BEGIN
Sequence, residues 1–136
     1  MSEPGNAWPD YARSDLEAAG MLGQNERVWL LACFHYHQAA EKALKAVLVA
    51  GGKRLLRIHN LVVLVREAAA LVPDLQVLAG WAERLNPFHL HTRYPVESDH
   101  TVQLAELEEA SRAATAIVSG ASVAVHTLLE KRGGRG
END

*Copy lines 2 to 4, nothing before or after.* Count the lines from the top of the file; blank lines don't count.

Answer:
     1  MSEPGNAWPD YARSDLEAAG MLGQNERVWL LACFHYHQAA EKALKAVLVA
    51  GGKRLLRIHN LVVLVREAAA LVPDLQVLAG WAERLNPFHL HTRYPVESDH
   101  TVQLAELEEA SRAATAIVSG ASVAVHTLLE KRGGRG